Diversification key in small-engine business

Briggs and Stratton CEO Todd Teske on how to stay afloat in the small-engine business.

This article is part of the series

American Manufacturer: Diversification Is Crucial

By The Conference Room FOXBusiness

Winter is coming, and for Briggs and Stratton, which manufactures snow throwers and other small engines, business will be booming as long as it’s snowy.

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But even if it’s a mild winter, Briggs and Stratton CEO Todd Teske is confident about his company’s future. In this edition of Conference Room, Teske tells FBN’s Jeff Flock that the company’s diversification strategy helps protect the business – in all kinds of weather.

Teske says the company maintains product diversity by selling a variety of small engine machines like snow throwers, generators and lawnmowers, and geographic diversity by operating in markets as far-flung as Australia, Latin America, Southeast Asia and the United States.

“The chances of having every season … every weather pattern kind of not do so well for you is unlikely,” says Teske. “Ultimately the diversification helps a lot.”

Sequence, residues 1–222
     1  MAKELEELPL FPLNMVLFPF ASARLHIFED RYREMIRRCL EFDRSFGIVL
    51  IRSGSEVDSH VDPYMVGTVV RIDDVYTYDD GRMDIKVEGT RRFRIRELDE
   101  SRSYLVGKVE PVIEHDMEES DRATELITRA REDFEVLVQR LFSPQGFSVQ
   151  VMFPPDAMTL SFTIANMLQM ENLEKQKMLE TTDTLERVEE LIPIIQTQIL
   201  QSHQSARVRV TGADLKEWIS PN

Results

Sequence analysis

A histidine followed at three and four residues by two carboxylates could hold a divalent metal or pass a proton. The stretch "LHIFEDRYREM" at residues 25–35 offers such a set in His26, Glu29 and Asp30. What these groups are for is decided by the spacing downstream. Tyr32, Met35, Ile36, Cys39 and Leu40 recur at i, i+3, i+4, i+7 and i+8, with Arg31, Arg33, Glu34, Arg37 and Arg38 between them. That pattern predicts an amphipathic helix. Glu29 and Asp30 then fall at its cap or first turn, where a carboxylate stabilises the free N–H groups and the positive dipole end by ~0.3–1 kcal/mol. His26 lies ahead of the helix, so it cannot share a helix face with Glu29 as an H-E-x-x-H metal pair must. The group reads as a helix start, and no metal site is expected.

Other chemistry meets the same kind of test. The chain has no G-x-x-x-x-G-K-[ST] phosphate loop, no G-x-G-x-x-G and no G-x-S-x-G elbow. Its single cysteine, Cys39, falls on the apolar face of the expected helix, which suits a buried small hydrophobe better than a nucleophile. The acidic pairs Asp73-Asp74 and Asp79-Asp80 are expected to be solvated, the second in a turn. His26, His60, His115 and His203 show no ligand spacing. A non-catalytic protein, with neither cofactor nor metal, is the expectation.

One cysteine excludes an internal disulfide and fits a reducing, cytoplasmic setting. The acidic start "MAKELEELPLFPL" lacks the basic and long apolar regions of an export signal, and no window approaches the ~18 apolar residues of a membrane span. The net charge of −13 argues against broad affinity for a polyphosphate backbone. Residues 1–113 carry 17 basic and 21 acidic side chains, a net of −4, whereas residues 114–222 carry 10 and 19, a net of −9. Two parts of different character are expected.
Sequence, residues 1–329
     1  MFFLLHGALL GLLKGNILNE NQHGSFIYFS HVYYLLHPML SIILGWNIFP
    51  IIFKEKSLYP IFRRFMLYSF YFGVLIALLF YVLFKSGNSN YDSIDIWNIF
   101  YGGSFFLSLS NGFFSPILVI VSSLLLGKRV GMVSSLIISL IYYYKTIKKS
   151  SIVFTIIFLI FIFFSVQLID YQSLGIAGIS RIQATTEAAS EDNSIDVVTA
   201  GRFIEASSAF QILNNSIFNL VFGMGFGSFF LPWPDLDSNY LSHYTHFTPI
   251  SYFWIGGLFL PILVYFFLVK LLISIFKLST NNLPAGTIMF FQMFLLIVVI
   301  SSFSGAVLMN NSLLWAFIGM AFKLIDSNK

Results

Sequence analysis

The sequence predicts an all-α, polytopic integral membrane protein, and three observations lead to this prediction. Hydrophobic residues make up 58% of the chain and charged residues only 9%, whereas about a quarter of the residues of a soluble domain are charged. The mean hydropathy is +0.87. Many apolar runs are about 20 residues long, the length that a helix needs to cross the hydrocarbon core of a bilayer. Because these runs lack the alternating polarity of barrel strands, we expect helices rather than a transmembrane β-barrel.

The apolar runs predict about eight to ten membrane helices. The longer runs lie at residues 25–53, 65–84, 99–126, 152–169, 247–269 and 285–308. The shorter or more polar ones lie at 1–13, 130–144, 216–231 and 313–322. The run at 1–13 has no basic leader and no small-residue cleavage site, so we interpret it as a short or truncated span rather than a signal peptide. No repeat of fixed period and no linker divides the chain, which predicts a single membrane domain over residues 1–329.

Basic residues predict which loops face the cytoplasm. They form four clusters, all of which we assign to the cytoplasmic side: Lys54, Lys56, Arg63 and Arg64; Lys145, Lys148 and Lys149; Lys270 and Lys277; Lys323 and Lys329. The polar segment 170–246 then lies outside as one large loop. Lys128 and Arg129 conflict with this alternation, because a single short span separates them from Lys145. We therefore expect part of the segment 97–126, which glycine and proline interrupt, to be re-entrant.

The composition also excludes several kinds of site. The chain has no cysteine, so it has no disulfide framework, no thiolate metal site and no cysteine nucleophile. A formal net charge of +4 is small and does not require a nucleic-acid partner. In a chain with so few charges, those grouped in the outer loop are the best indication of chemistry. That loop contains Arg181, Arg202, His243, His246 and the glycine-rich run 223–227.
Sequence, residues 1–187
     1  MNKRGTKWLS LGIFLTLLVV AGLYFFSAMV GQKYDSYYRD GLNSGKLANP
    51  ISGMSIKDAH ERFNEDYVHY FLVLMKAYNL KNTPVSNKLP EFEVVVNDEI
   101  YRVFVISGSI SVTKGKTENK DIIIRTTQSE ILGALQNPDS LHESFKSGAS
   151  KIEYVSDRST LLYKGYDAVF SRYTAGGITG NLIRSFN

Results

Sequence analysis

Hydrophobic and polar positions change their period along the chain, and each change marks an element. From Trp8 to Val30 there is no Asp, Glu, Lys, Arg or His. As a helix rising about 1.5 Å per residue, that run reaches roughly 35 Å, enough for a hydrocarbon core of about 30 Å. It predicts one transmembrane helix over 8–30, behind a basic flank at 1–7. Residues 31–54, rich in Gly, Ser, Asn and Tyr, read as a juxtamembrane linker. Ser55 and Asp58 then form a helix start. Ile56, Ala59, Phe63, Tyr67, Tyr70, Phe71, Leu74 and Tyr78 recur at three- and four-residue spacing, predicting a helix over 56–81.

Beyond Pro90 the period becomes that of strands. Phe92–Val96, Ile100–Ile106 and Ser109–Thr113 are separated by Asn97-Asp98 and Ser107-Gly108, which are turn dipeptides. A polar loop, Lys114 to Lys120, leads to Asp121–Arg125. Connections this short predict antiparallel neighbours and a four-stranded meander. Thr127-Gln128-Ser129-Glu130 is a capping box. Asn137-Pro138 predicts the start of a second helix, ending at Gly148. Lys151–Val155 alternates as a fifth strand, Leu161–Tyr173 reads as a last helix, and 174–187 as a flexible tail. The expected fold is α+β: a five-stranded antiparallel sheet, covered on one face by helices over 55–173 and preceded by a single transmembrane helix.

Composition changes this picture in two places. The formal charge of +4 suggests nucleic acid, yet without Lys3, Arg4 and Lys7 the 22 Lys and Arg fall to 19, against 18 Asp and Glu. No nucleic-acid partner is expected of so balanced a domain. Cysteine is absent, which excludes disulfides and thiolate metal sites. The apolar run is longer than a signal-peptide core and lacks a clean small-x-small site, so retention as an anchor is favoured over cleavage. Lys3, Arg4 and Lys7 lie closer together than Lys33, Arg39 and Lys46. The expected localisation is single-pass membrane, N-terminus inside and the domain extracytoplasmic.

When it comes to running Briggs and Stratton, Teske suggests that patience is key. In 2012, droughts meant that lawnmowers weren’t hot items, as grass suffered from lack of rain. “But now this last year, it was plenty wet, and so all of a sudden we saw the market pick up,” says Teske.

Aside from the weather, another challenge for the company is fluctuating metal costs. Aluminum, steel and copper are all important to Briggs and Stratton’s manufacturing process. To maintain stability, Teske says the company hedges on metal prices.

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“What we do at the beginning of the season is we take a look at what we think is going to happen for the year,  … so we hedge and ultimately we can provide some pricing stability then for the marketplace as well,” says Teske.

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